When we were little, we all had big dreams and aspirations. As a child, our imaginations run wild of the endless possibilities of what we can be when we grow up. Some of us are more practical than others, like being a teacher instead of a princess. But growing up as a dancer, society taught us that dancers and athletes are different and that athletics had the upper hand when it came to money, popularity, and the mainstream media. This also means lack of funding, which leads to the difference in wages between professional athletes and dancers.
In the mainstream media, athletics have always seemed to be the focus. Schools (high schools and universities) pour tons of money into their athletic departments and it does bring in a lot of money to the school and a great reputation. While most people don’t consider dance a sport, Misty Copeland, the first African-American Principal dancer in the American Ballet Theatre, is proving that all wrong. She has become the new face of Under Amour and is changing the world of ballet and dance.
Football players in the NFL salaries ranges from $800,000 to $24 million a season depending on the position. Michael Phelps is estimated to make about 12 million this year, $140,000 from his winnings at the Rio Olympics and the rest from his endorsements.While the average dancer in the Joffrey Ballet company, in New York City, makes $829 a week for 38 weeks and roughly $38,502 a year. The Boston Ballet Company’s average salary is $1,204 a week for 38 weeks, for about $45,752 a year. And The Radio City Rockettes make about $1,500 a week during the run of the show.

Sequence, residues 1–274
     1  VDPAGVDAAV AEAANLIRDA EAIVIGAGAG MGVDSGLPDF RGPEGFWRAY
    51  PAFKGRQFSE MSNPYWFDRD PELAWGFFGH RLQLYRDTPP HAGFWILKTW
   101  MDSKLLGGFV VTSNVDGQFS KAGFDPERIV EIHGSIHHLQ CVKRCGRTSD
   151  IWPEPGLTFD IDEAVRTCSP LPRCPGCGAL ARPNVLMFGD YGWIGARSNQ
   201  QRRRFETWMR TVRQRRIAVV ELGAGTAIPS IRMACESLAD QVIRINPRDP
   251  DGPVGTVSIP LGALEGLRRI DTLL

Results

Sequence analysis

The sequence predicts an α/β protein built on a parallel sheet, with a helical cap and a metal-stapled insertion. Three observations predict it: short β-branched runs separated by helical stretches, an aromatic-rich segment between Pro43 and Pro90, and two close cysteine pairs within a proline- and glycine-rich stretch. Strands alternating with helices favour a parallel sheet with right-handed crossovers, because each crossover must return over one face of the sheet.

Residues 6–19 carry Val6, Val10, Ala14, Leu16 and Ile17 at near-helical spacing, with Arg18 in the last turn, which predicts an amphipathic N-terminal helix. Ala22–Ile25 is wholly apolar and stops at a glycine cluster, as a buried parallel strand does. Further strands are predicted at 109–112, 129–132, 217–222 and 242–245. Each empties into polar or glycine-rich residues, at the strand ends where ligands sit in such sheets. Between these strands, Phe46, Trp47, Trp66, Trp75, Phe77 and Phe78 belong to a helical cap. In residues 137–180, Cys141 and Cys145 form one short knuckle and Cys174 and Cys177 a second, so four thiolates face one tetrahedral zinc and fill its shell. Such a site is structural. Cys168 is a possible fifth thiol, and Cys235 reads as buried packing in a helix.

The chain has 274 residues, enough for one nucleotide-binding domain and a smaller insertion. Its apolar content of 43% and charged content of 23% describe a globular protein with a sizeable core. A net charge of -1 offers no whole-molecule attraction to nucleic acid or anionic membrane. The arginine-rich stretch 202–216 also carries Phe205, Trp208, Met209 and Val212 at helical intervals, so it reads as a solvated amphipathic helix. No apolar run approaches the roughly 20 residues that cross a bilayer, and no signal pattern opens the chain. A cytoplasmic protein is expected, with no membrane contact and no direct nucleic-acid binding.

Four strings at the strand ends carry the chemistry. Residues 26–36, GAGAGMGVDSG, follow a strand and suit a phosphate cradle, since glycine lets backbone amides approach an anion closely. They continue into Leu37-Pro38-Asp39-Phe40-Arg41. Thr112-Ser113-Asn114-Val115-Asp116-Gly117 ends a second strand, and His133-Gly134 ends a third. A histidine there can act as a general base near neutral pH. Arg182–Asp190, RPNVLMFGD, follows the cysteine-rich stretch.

While many professional athletes and dancers have endorsement deals with different companies, most of them make more off of their endorsements than their professional careers. Misty Copeland has said that the money she makes off of her Under Amour sponsors is more than her yearly salary at ABT. A professional dancer puts in the same physical, mental and psychology exertion every week as an athlete. Even workouts, like strength training, endurance workouts and stretching are important for dancers and athletes. So, why are the wages so different? The principles and concepts in performing arts are obviously a little different than sports but the work, energy, dedication, and time that goes into them are the same. Dance is a sport, which also happens to be an art.